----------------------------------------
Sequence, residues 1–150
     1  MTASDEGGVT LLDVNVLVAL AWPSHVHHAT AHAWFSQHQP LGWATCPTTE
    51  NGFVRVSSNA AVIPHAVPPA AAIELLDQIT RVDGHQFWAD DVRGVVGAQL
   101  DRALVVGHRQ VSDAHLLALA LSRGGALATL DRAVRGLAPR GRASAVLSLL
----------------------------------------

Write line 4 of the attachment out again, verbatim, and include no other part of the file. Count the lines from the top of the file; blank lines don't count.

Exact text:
   101  DRALVVGHRQ VSDAHLLALA LSRGGALATL DRAVRGLAPR GRASAVLSLL